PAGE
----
There is no doubt that each of us will suffer in this life. This reality is as inevitable as the experiences of love, joy, peace, elation…and death that we will all partake of. The severity of our suffering is determined in large part by our chosen perspective of our particular circumstance. The state that I, along with many others, have chosen to cultivate is one of presence, of remaining present, for it is only in this present moment that we exist, experience, or grow in any way that can be considered “real” or that leads us into deeper realms of enlightenment or union with God.
There is no yesterday and there is no tomorrow. As beings traveling the road of linear time, yesterday is gone and tomorrow, or even a moment 10 seconds from now, is purely a figment of our imagination. There is only one place that we dwell and that is right here, right now. Especially in times of pain (physical or emotional) it is easy to want to flee from the present but to do so is to miss the lessons and beauty that originate only from these necessary and unique moments of existence. As long as we are fleeing from the moment (our minds dwelling, usually involuntarily, in the past or future), fleeing from pain, then we are unable to meet and experience God in the midst of it. It is through, and only through, these times of darkness that we come to know the indwelling Spirit of God as “Comforter”. There is no healing without pain; no need or experience of comfort without suffering or distress.
It’s critical that we are present in suffering, not looking for the easiest way out, but experiencing God in the midst of suffering as our comfort and strength. When Jesus was in Gethsemane it’s recorded that he repeatedly requested for “this cup to pass” from him, to be excused from going to his cross. He didn’t pray these words out of fear or avoidance of his destiny in any way. He prayed thus because he needed God’s Voice in that moment to speak the life and strength into him that he would need to walk with grace through whatever circumstance life was about to thrust upon him. Each of us hears this Voice, albeit in different forms and modes of receiving. It may be a gentle leading or comfort you feel, the audible encouragement of a friend, or simply a whisper in your heart that you have termed your conscience or maybe think of demeaningly of as “just your own thoughts”. So many times others have questioned me about hearing The Voice and when I told them it sounds just like your own thoughts they have been discouraged and said, “Well how do I know if it’s my own thoughts or the voice of God?!” My answer is, what’s the difference? If you’re thoughts are ones of beauty or love, patience or goodness, rest assured they are the thoughts of God. It is only if my thoughts are of bitterness, hatred, or especially fear, that I become suspicious and do not relate them directly to the light, love and flow of beauty that I call God.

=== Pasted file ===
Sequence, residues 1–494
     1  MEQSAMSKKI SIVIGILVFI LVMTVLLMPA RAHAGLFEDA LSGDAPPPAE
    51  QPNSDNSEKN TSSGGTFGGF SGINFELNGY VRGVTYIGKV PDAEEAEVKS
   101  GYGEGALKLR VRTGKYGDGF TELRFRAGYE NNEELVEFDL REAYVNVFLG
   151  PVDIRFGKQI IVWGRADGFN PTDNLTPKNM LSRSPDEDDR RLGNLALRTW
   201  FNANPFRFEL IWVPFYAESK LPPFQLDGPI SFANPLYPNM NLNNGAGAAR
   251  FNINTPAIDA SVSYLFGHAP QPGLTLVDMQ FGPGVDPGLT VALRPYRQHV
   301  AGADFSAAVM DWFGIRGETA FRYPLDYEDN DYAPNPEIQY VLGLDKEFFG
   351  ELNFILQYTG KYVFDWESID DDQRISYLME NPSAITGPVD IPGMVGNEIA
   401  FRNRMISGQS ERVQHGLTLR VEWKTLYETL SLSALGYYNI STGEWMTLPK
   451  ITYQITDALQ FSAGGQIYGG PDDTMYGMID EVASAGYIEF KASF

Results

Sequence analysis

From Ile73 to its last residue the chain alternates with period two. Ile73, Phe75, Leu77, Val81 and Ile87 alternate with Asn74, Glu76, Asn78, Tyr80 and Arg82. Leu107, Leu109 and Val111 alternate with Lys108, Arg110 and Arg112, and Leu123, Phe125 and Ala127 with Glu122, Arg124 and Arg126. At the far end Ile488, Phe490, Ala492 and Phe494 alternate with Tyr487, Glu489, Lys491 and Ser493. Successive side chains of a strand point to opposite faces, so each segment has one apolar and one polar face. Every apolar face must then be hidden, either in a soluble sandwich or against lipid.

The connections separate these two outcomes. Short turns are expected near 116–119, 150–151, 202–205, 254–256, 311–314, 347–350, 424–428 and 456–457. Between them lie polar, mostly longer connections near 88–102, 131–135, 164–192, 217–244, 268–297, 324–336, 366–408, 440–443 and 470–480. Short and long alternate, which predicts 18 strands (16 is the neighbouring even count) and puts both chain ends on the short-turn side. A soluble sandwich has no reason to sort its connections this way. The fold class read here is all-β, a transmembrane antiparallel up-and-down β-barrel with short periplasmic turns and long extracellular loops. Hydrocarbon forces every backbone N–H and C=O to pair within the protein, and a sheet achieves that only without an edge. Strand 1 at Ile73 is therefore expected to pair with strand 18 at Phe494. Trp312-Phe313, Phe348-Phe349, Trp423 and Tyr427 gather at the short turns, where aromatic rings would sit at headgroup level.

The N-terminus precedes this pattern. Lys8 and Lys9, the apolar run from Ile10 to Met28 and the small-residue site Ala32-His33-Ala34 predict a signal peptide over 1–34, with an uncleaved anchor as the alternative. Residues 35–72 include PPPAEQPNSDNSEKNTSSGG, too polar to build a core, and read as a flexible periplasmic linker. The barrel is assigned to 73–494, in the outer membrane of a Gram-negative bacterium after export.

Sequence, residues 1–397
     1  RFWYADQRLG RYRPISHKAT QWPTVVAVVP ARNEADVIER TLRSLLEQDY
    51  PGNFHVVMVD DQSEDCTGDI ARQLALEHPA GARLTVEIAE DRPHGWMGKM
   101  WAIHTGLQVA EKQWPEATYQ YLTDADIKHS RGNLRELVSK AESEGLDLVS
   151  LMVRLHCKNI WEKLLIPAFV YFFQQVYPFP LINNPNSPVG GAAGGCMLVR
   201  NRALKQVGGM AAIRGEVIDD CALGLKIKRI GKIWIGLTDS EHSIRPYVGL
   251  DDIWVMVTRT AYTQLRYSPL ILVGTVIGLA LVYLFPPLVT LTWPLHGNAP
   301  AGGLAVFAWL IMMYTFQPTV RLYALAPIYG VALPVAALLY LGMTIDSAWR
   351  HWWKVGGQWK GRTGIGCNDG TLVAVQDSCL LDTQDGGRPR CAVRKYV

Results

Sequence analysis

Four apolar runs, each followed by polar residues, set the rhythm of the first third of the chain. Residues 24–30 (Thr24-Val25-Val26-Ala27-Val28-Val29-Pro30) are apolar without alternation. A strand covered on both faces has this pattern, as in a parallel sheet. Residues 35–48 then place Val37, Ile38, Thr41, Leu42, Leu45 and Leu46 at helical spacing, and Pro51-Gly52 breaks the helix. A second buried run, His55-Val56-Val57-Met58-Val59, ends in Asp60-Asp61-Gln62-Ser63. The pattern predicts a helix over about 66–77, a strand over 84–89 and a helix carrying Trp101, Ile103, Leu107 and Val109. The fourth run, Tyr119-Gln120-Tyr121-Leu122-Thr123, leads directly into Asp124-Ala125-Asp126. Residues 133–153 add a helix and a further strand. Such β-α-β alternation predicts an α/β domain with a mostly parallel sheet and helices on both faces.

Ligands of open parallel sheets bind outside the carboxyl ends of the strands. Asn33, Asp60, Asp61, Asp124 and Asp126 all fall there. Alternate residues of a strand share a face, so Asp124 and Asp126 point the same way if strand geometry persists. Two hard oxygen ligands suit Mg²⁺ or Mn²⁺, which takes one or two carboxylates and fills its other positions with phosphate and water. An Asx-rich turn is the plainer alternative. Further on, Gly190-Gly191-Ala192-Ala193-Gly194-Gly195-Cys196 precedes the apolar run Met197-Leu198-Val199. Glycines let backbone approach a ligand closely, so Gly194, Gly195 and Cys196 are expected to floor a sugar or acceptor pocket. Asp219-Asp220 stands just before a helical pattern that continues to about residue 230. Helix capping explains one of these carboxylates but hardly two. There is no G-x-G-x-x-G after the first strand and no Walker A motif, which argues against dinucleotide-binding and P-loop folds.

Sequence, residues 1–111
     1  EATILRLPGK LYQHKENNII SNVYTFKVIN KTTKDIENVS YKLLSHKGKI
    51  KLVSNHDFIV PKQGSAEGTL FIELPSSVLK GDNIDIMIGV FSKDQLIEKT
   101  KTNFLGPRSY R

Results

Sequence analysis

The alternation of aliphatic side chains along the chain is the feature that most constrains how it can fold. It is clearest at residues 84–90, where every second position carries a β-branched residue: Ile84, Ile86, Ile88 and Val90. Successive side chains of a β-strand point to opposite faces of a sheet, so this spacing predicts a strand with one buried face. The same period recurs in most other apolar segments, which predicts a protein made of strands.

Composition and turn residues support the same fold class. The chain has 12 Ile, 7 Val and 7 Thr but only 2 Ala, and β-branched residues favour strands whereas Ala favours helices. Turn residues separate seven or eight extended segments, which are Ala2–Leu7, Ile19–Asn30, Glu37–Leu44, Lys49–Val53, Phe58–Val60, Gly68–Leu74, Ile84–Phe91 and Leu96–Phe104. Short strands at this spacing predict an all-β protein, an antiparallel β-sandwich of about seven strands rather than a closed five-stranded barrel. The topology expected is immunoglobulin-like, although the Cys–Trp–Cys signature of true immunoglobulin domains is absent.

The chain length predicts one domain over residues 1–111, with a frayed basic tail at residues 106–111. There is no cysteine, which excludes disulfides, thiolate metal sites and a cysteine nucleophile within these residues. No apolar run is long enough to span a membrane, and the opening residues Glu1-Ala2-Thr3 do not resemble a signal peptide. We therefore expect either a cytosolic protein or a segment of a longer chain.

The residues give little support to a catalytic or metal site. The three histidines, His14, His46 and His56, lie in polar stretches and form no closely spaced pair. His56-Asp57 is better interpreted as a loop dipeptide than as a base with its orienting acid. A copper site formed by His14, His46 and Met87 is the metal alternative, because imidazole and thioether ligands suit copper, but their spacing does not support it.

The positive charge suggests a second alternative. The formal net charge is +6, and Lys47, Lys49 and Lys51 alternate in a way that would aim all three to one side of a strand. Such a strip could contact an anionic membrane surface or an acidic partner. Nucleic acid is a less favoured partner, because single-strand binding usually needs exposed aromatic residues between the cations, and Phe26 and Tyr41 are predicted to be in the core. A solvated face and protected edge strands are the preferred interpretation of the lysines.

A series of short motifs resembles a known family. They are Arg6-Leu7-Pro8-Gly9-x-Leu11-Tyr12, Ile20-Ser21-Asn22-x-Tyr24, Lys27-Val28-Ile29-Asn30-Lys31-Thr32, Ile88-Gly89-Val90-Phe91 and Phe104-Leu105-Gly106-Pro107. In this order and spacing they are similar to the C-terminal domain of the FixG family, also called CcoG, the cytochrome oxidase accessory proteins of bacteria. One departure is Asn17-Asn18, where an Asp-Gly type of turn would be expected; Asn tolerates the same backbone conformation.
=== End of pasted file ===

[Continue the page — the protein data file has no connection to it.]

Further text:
All this pontificating on the benefit of suffering is not to suggest that we should seek after suffering; for seeking pain, (penance, fasting, self-deprecating thoughts, etc.) in order to “get ahead spiritually” does not incite the same quality of experience of the goodness of God. I am suggesting only that we may simply and gently embrace pain when it inevitably comes, knowing that while patiently enduring and remaining present we are being further transformed into the likeness of God, and that our suffering is not in vain.
God is and is equally present everywhere and in every circumstance; in light and darkness, life and loss, joy and pain. If we cannot recognize God (beauty) in ourselves, another person or group, place or circumstance, this is indicates an area of blindness on our part, not a godless void. For the Love I call God is all, and is in all, and is holding all things together.